After more than 18 months’ living and travelling in my campervan, there aren’t many places left in the North Island I haven’t seen. This September, I set out to visit one of the few remaining - the very top of the Coromandel.
Having finally made the trip, I can’t help but wonder why it took me so long to visit this beautiful, remote piece of paradise. I started from Coromandel Town, making my way north along the west coast towards Colville.
There, I stopped for a coffee and to have a browse around a little shop which was surprisingly well-stocked and even had some unique local products. If you don’t have everything you need for your trip, this is your last chance to buy anything.
After Colville, nature and remoteness take over and you won’t find any shops or cafés. After my little break, I continued north. I had been warned about the road, so I wasn’t surprised when, shortly after passing through Colville, it turned to gravel and became narrow and windy. But the views are to die for.
This is New Zealand coastal scenery at its best; unspoiled green hills, rocky beaches, impressive cliffs and the blue ocean always to your left. I had to pull over several times just to take in the views. But be warned, the road is a challenge.
I spent most of the drive hoping there wouldn’t be any oncoming traffic in the wrong place, and I admit, I held my breath while driving through the two fords (there are five in total, but only two had water when I was there). If you take it slow and stay focussed, it’s totally doable.
But if you have a large motorhome or caravan and are not the most confident driver, I would probably think twice about making the trip in the busy summer months. In September, it was very quiet, and I only had to pass other cars about a handful of times.
It is definitely worth the drive. After an hour of slowly making my way along the west coast, the road took a turn east up the hill and, from the top, I had a view over my first stop, Port Jackson. Not surprisingly, the DOC campsite was almost empty at this time of the year.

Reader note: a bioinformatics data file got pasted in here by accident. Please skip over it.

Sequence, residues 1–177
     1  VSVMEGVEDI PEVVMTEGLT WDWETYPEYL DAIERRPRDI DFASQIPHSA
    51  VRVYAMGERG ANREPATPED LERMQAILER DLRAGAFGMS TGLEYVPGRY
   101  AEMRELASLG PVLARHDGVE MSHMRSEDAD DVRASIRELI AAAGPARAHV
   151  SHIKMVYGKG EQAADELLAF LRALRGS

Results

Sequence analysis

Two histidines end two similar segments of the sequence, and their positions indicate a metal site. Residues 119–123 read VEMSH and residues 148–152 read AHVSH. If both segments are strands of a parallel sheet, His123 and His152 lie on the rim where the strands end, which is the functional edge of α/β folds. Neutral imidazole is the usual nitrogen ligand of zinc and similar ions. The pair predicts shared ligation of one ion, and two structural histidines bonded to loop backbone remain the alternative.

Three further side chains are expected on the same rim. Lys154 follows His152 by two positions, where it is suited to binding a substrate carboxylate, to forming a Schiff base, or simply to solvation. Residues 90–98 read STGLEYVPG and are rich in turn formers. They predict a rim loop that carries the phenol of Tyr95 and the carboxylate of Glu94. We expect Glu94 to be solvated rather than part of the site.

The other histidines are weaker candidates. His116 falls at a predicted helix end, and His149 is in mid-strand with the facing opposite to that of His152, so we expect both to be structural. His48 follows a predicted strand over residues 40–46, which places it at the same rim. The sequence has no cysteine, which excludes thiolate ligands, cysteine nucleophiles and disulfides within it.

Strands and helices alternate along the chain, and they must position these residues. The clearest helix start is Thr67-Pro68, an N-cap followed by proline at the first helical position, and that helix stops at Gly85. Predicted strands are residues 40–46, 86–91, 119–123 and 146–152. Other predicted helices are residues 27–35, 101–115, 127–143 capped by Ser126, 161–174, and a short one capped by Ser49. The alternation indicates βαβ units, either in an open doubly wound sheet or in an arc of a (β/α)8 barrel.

I parked only centimetres from the beach and made a coffee to recover from the drive and to enjoy the views. The next morning, I set out to explore. I highly recommend the Muriwai Walkway that starts at the eastern end of the beach and takes you up to the hilltop car park (you can also start the walk from there).
The views are simply breathtaking. It’s steep in some places and requires a moderate level of fitness. If you want an easy option, I recommend starting from the hilltop car park and walking for about 15 to 20 minutes. This stroll still offers excellent views.
After enjoying the beauty and tranquillity at Port Jackson for a little longer, I made my way further north to Fletcher Bay, where I found another beautiful DOC campsite with beachfront parking options. I was surprised to find a few more people here, compared with Port Jackson.
It turns out most of them were here for the Coromandel Walkway, which starts at the campground and takes you to Stony Bay (about three hours one way). I didn’t feel like a long solo hike so only walked the track for about an hour and then turned around.
That was enough to give me a good workout; there is a steep climb about 15 minutes into the track. So I felt I had my exercise for the day. Both of the DOC campsites at Port Jackson and Fletcher Bay are basic but well-maintained, with the usual DOC long-drop toilets and cold showers.
p>If I had had more time, I would have probably chosen to spend it at Port Jackson, simply because the beach is bigger and less rocky and offers more opportunities for walking and exploring. The campground in Port Jackson also has more beachfront spots so if you arrive at a busy time, your chances of getting the best views straight from your RV are much better. (At Fletcher Bay, there are about five beachfront sites, the rest are slightly further back.)
After a few days in the very north, I decided to make my way back with a stopover on the east coast. I followed the windy road back almost to Colville but then kept going straight instead of turning right into Colville and made my way over the hill.